This morning's data released by Nationwide has revealed that UK annual house price growth has recovered to 1.5% in July.
According to the July report, the fall in house prices seen last month has been wiped out with average prices up 1.7% month on month after taking account of seasonal factors.
Nationwide believe that suppressed demand and the stamp duty holiday are likely behind the unexpected and rapid recovery.
Robert Gardner, Nationwide's Chief Economist, comments:“UK house prices rose by 1.7% in July, after taking account of seasonal effects, offsetting the 1.6% fall in June. As a result, annual house price growth recovered to 1.5%, from -0.1% last month. On a seasonally adjusted basis, house prices in July were 1.6% lower than in April.
“The bounce back in prices reflects the unexpectedly rapid recovery in housing market activity since the easing of lockdown restrictions. The rebound in activity reflects a number of factors. Pent up demand is coming through, where decisions are taken to move before lockdown are progressing.
“Behavioural shifts may be boosting activity, as people reassess their housing needs and preferences as a result of life in lockdown. Our own research, conducted in May (link), indicated that around 15% of people surveyed were considering moving as a result of life in lockdown.
“Moreover, social distancing does not appear to be having as much of a chilling effect as we might have feared, at least at this stage. These trends look set to continue in the near term, further boosted by the recently announced stamp duty holiday, which will serve to bring some activity forward.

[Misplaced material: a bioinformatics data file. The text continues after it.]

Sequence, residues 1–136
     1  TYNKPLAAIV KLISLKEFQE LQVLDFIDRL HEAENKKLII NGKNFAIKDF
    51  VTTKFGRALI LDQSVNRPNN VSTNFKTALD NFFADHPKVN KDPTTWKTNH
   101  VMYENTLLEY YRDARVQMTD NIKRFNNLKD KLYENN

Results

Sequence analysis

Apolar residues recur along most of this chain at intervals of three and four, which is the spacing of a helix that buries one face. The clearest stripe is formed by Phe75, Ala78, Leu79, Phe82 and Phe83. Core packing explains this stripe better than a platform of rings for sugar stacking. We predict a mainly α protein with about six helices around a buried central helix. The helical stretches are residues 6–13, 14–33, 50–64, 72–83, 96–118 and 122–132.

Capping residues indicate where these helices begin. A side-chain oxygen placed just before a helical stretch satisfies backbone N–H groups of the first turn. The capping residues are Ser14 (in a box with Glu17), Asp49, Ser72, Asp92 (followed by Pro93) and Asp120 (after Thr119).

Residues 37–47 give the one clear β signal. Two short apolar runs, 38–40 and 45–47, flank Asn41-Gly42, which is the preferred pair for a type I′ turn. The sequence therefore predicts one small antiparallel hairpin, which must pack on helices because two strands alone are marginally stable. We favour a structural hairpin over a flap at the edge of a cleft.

“However, there is a risk this proves to be something of a false dawn. Most forecasters expect labour market conditions to weaken significantly in the quarters ahead as a result of the aftereffects of the pandemic and as government support schemes wind down. If this comes to pass, it would likely dampen housing activity once again in the quarters ahead."
Anna Clare Harper, author of Strategic Property Investing, says: "Recent and proposed policy changes combined with a release of pent-up demand (and supply) show up in this month’s house-price data.
"The Stamp Duty Land Tax change, combined with pre-lockdown demand, has unsurprisingly produced an increase in buyers. On the supply side, proposed changes to Capital Gains Tax are encouraging those who had considered selling and were waiting for ‘the right time’.
"These combined forces are increasing the rate of transactions among ordinary property owners and potential owners. It shows up in the data: annual house price growth recovered to 1.5% in July, with house prices up 1.7% month-on-month.
"What no one can forecast is what happens next, with some nerves among homeowners, investors and economists as to what the future may hold."